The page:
Islam is followed by only 5% of Britons, still a tiny minority, and the vast majority of these follow a quiet belief which condemns murder or even violence and demands no more than a declaration of faith, prayer, charitable giving, occasional fasting, and a once-in-a-lifetime journey to Mecca - the Five Pillars of Islam. There can be resentment when neighbourhoods undergo a visible change, when the first local mosque appears, but communities have nothing to fear from an increase in Islamic families. In fact the reverse is more common.
But away from the street corner it’s hard to place Islam and peace in the same sentence. Aside from the headline atrocities, the wars between Sunni and Shia factions regularly tear up cities of the Middle East, especially the Iraq we devastated and then left to militant extremists. Their quarrel over who was the true successor of the Prophet Mohammed is undimmed after 1350 years, a war fought over towns which are still flash-points today, Karbala, Basra, Bagdhad, Damascus. Most Muslims have a tolerant attitude to these ancient differences but the extreme factions still pursue a violent conflict which can have no resolution. They’re not unique. Christianity no longer tortures and burns people for their faith, but its history is just as bloody, its conflicts just as pointless, still inspiring violence in places such as Ireland.
But Islam has a crisis to face.
Right now all the news is negative. Beside the manic violence of Al- Shabaab and Al-Qaeda there is the looming threat of the Taliban, the organisation which shoots girls for merely going to school, surely destined to take Afghanistan back into its desolate grip. Also gaining more attention is the horror of female genital mutilation, still regarded as essential to Islamic cleanliness by some African cultures. Forced marriages and the gruesomely misnamed ’Honour killings’ are still the rule in some families. Even the clothing is a problem, as most western people are happy enough with the hijab, the head scarf, but uneasy with the niqab where only the eyes are visible, and profoundly so with the burka which hides even the eyes behind a gauze mesh. We can no more have normal relations with a woman in a burka than with a man in a balaclava.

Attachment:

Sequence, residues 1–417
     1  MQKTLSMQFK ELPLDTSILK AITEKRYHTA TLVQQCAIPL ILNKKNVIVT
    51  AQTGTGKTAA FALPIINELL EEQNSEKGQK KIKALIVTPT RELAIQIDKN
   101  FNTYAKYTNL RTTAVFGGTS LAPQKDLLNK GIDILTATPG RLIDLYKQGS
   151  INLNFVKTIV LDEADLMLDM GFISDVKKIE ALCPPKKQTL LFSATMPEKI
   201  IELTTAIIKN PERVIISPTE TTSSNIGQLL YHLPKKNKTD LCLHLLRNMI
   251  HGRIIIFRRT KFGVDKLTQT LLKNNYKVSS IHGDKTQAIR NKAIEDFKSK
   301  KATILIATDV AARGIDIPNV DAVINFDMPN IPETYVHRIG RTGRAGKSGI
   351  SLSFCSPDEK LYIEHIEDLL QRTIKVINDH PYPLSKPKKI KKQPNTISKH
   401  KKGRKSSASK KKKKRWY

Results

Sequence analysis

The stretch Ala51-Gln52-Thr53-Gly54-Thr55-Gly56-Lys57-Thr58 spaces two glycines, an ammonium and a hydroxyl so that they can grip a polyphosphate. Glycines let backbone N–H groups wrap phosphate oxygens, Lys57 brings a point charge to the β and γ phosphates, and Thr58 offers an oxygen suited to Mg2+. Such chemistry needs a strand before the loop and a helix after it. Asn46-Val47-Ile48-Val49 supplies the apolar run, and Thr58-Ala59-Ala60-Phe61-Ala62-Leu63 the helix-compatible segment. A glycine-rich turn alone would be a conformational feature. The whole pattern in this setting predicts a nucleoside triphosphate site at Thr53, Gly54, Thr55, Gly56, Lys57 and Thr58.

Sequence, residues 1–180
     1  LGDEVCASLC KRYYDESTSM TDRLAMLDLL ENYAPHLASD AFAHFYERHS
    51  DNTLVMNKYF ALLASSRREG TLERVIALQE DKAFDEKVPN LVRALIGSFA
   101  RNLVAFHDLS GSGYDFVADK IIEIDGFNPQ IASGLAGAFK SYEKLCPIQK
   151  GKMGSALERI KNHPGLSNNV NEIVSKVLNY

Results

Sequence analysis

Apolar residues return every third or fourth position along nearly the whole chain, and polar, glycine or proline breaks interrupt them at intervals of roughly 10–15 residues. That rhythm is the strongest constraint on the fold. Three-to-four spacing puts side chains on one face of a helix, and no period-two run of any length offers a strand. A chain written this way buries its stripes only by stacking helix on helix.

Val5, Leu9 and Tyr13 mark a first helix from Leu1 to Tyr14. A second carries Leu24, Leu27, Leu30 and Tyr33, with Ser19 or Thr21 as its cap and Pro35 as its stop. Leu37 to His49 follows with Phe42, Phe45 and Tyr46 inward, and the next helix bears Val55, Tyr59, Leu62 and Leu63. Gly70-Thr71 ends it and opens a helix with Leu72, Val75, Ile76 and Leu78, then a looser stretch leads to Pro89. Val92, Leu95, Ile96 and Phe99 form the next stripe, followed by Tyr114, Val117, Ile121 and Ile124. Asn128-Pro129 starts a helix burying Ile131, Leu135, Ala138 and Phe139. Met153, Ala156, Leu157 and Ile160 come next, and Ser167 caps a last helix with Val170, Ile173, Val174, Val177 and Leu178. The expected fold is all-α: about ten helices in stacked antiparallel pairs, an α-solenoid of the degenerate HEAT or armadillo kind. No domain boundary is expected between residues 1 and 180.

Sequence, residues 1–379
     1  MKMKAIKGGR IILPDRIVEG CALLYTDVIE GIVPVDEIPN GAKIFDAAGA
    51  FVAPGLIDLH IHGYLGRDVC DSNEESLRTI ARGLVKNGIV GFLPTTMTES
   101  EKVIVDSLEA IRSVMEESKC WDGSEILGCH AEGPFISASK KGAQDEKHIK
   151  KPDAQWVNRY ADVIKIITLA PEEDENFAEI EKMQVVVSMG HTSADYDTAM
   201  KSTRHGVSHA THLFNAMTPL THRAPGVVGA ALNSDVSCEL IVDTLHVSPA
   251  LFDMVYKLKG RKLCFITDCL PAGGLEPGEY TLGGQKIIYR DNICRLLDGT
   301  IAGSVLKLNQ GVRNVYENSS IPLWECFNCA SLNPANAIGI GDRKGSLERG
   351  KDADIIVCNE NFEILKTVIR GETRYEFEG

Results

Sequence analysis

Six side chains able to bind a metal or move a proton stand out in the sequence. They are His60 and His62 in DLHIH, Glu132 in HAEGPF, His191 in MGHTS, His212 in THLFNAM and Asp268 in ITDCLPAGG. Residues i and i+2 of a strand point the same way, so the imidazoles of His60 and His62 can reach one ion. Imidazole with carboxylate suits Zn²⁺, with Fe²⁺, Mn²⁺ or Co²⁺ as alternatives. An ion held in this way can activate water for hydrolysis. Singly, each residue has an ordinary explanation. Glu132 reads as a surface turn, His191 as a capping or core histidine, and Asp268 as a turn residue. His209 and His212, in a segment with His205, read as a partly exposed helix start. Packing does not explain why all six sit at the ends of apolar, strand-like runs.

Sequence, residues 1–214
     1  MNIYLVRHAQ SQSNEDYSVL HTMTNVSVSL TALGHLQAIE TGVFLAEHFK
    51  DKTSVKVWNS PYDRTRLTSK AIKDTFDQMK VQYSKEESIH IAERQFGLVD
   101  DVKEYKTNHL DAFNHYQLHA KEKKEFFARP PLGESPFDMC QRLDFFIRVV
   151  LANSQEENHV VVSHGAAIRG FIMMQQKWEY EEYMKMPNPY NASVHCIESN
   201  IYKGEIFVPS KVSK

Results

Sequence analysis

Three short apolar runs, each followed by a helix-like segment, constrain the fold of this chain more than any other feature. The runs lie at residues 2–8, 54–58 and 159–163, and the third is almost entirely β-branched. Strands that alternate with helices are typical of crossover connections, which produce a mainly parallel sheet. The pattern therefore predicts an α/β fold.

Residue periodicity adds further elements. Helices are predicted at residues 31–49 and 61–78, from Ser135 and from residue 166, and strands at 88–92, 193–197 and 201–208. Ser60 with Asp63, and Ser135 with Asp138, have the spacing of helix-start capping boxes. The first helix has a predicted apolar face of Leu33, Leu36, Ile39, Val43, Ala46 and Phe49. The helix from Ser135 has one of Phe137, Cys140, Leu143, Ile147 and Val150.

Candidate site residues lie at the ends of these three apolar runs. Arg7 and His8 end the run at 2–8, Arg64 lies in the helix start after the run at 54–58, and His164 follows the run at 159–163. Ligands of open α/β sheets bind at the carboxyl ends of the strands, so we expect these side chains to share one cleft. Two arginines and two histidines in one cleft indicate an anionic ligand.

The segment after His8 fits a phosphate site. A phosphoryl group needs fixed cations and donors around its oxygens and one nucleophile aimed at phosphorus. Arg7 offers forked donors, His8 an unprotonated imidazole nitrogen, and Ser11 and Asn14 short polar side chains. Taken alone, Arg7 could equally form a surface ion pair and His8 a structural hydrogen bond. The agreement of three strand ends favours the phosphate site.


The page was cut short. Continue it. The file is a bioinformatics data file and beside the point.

The challenge is: which of the above do we respect as differences of culture and which will never be acceptable in the west?
A crucial touchstone is the status of women, a theme which runs through all the above. There are texts in Islam which speak of the importance of women, but many others which reinforce her inferior role . The Prophet was not known for his good opinion of the female sex, her status or intelligence. Many – most – of these cultural differences have at their heart the inequality of the sexes, the concept of women as property, to be kept virginal, modest, even incapable of sexual pleasure, married on demand, and rendered invisible to other men; and in men virility, strength, readiness to fight or die for God, even, at the most grotesque extreme, pretending to be Action Heroes while murdering defenceless women and children in a supermarket.
Western society has little enough to boast of in its slow progress towards gender equality, but it is at least on the path. To absorb our values in this area would cause Muslims much soul-searching and pain, but neither can we reverse the process. The cultural fantasy of the uber-male and the submissive female chattel is part of our past not our future. It’s a long road for both sides, but the line where cultural tolerance oversteps our own social values needs to be drawn, and held.